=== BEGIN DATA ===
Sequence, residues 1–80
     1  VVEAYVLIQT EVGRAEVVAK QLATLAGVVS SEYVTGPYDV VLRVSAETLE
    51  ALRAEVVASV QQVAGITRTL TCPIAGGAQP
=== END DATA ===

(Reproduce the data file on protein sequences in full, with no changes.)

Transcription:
Sequence, residues 1–80
     1  VVEAYVLIQT EVGRAEVVAK QLATLAGVVS SEYVTGPYDV VLRVSAETLE
    51  ALRAEVVASV QQVAGITRTL TCPIAGGAQP